Beginner's Guide to Seven-Card Stud | Play 7-Card Stud

John Hennigan
John "World" Hennigan

Over the entire history of poker, Limit Seven-Card Stud may be the most-played version of the game in the world.

Before Hold'em became a dominating force in the poker world Stud was the big game all across America. In the post-Hold'em-boom poker world, Stud is becoming rarer and is mostly played by poker's old-timers.

Stud was a big game for decades for a very good reason. It's a wonderful game worth getting into and can make for a great break from the everyday grind of two cards.

This article aims to help beginner players improve their Seven-Card Stud game by playing in a solid, tight and aggressive style. It advocates balancing bluffs and semi-bluffs with mostly solid play and focuses on third-street play because this betting round is the most important.

If you play correctly on third street you will face fewer difficult situations in subsequent betting rounds, because the game quickly becomes very complex as it progresses.

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As in all forms of poker there are exceptions to the rules, and the concepts addressed in this article should be understood as general guidelines only.

To be a truly successful player, you must be able to make exceptions and use your judgment in order to determine the best possible play. It is virtually impossible to give clear-cut advice that applies to all situations.

The best general advice, as mentioned in this brief introduction to stud, is a line that you're probably very familiar with.

"You only play premium hands. You only start with jacks or better split, nines or better wired, three high cards to a flush. If it's good enough to call, you got to be in there raising, all right?" - Mike McD from Rounders.

Key Skills to Becoming a Successful Seven-Card Stud Player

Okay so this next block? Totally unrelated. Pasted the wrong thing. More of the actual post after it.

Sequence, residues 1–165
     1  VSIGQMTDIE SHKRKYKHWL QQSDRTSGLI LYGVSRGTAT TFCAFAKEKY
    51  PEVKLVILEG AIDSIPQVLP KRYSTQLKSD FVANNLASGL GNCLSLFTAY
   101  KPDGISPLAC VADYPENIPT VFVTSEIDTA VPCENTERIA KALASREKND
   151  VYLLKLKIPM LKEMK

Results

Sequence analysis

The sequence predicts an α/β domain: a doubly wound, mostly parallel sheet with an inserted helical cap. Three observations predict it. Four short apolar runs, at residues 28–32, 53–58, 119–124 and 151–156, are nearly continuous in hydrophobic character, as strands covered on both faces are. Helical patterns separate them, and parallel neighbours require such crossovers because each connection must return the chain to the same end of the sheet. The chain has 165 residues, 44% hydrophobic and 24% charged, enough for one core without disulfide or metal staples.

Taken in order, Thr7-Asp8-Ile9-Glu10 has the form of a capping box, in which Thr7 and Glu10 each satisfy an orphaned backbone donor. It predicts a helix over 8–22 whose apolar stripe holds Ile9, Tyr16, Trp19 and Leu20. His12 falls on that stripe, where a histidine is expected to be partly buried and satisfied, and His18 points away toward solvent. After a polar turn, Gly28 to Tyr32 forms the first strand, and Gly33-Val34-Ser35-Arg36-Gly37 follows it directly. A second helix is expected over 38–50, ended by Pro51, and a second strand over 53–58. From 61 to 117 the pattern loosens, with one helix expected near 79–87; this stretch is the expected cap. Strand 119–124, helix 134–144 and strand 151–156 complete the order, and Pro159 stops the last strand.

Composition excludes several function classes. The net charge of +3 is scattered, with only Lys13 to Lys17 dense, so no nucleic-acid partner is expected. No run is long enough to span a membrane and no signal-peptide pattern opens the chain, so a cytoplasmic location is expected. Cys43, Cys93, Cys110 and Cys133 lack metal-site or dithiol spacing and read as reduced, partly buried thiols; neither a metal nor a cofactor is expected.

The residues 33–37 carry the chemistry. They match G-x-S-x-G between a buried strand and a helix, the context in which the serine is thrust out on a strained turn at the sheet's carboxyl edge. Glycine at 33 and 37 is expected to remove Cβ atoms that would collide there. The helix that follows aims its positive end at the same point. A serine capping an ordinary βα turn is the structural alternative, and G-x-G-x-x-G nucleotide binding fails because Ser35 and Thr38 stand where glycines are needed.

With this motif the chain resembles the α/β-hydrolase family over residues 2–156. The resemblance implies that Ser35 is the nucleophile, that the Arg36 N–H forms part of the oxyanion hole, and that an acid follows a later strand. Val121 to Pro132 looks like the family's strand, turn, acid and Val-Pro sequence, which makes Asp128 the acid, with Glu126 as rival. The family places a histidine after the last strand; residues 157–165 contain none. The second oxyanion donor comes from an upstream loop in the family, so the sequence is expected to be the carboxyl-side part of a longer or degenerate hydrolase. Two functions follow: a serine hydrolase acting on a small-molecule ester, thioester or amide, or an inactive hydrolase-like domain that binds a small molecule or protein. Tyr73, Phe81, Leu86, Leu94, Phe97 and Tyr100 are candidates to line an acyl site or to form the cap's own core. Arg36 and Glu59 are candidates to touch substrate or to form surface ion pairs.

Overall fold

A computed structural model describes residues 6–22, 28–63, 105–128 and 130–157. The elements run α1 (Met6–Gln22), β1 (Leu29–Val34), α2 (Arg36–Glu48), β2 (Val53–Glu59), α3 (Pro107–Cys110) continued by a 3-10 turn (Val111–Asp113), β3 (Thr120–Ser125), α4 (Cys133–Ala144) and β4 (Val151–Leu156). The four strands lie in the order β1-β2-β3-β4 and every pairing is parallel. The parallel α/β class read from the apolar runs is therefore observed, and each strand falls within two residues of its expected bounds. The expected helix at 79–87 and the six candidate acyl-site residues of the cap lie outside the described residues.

• Strict hand selection
  • Discipline (the ability to wait for a good hand and not chase with second-best hands)
  • Ability to read opponents
  • Ability to remember the other players' up cards

A Comparison: Seven-Card Stud vs. Texas Hold'em

Here's a list of difference between the two games, some of which are glaringly obvious:

  1. There are no community cards.
  2. An ante and a bring-in bet are used instead of blinds.
  3. There are five betting rounds as compared to four in Hold'em.
  4. The player who has the best starting hand starts the action on every betting round, except for the first round of betting, when the lowest up card begins.
  5. You must remember the folded up cards.
  6. The number of players is limited to a maximum of eight.
  7. There is no positional advantage before the cards are dealt. The cards determine who acts first and last on every betting round.
  8. There is no dealer button, as every hand is dealt in the same order starting at the dealer's immediate left.

Structure and Antes

  1. All players receive two cards dealt face down (hole cards) and one card dealt face up (up card). The cards are dealt one at a time.
  2. The player with the lowest up card has to make a bring-in bet.
  3. The betting continues clockwise with the player to the left of the bring-in bet.
  4. A fourth card is dealt face up. The action begins with the player holding the best up cards and continues clockwise.
  5. A fifth card is dealt face up. The action begins with the player holding the best up cards and continues clockwise.
  6. A sixth card is dealt face up. The action begins with the player holding the best up cards and continues clockwise.